For what it's worth, I thought this was the best episode of Life's Too Short so far. It's no coincidence it was the first to forego starry cameo's (even Ricky Gervais and Stephen Merchant didn't appear), so the story could instead focus on Warwick Davis' life. In so doing, this felt more like the fly-on-the-wall documentary about an egomaniac dwarf actor I've been expecting, although it's still a problem that many of the jokes are signposted and the show's style and targets feel oddly outdated. At one random moment I remembered that Gervais' favourite stand-up comedian, Louis C.K, is currently pushing the envelope with his self-titled, low-budget cable sitcom across the pond. It feels like Gervais may have opened the floodgates for a type of quasi-realistic comedy-of-embarrassment, but he's getting left behind now as fresher, braver comedians surpass him.
There was a lot of very tired humour in this episode, which is an unforgivable fact given Gervais and Merchant's stature in the industry. You just don't expect Gervais/Merchant to be peddling sitcom standards like a fraudulent psychic, "rapist" and "racist" wordplay, or characters like a stupid dating agency employee. Warwick Davis continues to give a good performance, but it's still too much of a David Brent impersonation. The way he ties himself in verbal knots, or makes a social faux pas that gets worse the more he tries to rescue the situation, is all extremely reminiscent of Ricky Gervais' shtick.
However, it was a relief to have an episode that remembered Warwick Davis is supposed to be the star of the show. For a full half-hour, he was front-and-centre, with no scene-stealing Hollywood guest-star to be seen. And this week's story, ignoring all the silly flourishes early on, wasn't half bad. It was actually a fairly decent insight into this fictional Warwick's mind, as he went on a date with a perfectly pleasant and pretty woman called Amy, but couldn't stand the fact she's a dwarf because it could mean "normal-sized" people would see them together and think pitifully of what he's had to "make do with". He'd much rather chase the fantasy of dating a six foot blonde stunner. This was the first time it felt like we were starting to see something interesting about Warwick's personality on the show. His self-loathing, masked by bravado. Seeing him sabotage the chance of a happy relationship with a nice woman was the first time I felt both angry and saddened for Warwick as a person. And that’s great, because I felt something.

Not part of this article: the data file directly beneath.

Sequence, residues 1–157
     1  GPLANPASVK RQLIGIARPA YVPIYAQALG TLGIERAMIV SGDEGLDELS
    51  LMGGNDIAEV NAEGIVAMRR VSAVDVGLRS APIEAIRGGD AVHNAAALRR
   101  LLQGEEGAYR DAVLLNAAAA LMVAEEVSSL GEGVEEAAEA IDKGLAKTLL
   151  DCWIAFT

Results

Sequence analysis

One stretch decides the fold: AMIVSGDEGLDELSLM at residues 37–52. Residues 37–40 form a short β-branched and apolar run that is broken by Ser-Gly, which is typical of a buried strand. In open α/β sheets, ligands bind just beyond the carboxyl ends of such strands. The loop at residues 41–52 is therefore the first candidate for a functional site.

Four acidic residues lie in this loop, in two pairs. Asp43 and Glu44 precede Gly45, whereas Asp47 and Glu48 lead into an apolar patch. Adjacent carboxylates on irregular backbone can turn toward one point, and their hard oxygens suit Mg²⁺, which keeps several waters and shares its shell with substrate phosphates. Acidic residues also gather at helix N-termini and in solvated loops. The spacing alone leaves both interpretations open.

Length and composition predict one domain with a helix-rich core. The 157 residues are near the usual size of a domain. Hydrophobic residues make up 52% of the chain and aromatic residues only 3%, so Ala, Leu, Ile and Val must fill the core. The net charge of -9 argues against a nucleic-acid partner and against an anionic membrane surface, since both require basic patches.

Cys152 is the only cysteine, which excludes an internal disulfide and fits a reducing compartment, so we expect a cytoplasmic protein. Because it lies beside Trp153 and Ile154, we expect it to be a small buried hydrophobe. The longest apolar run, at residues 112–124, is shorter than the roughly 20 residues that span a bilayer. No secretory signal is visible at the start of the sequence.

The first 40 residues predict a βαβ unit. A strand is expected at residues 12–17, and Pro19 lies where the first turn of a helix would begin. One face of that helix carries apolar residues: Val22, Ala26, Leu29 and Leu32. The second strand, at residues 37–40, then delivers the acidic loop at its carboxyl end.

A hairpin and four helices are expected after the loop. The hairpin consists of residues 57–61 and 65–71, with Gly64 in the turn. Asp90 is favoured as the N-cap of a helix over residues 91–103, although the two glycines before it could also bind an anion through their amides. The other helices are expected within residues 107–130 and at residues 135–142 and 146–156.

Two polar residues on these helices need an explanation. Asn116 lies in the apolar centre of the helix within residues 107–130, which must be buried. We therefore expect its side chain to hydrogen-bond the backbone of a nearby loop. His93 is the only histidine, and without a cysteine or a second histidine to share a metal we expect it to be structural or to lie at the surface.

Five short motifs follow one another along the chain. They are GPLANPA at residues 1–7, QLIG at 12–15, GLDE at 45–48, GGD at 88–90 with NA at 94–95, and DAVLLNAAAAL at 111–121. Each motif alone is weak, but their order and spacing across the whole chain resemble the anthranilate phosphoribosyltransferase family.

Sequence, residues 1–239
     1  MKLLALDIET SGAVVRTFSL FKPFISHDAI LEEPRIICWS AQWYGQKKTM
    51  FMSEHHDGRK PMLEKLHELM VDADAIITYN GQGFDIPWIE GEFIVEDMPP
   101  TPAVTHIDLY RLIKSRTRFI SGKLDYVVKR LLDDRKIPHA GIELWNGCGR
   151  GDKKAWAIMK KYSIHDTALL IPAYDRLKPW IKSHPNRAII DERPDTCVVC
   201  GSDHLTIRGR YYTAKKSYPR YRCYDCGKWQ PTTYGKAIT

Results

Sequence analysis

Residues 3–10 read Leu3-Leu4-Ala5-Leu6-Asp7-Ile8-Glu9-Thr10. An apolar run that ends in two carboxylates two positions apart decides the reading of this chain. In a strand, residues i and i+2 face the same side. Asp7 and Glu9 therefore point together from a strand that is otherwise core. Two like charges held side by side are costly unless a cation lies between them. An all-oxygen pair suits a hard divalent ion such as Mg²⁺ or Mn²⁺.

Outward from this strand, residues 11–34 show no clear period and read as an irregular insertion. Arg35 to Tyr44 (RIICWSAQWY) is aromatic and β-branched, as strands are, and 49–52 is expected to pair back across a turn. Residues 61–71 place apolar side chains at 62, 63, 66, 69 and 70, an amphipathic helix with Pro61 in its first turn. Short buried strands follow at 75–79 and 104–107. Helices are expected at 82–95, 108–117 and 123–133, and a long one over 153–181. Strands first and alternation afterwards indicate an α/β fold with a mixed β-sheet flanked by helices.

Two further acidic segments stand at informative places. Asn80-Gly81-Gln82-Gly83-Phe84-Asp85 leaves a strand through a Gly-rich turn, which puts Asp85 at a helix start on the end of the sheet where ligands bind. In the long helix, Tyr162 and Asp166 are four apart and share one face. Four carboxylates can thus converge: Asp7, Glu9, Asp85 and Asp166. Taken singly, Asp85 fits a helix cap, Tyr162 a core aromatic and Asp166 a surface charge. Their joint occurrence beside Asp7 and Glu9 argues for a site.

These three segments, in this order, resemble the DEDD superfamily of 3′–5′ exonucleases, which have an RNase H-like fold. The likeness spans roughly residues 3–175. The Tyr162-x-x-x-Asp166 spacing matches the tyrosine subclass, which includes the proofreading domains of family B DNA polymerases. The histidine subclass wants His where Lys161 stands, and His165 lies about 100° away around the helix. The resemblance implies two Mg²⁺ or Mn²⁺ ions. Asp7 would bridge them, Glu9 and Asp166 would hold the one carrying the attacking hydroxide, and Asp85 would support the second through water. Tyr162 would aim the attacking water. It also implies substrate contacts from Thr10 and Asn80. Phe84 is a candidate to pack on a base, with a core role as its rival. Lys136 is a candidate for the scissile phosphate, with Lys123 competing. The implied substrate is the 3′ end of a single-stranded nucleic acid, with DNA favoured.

Overall, episode 5 still wasn't good enough to have me optimistic Life's Too Short is turning things around, but it made a few improvements. I just wish they felt designed to be improvements, but it's more likely this was a happy accident. The quality of writing is still letting the show down. This episode touched on religion, paedophile priests, fake psychics, and Scientology... all incredibly juicy topics you'd imagine would be fantastic springboards for Gervais and Merchant's writing, but all the jokes that sprang forth were feeble and predictable.
written & directed by Ricky Gervais / 8 December 2011 / BBC Two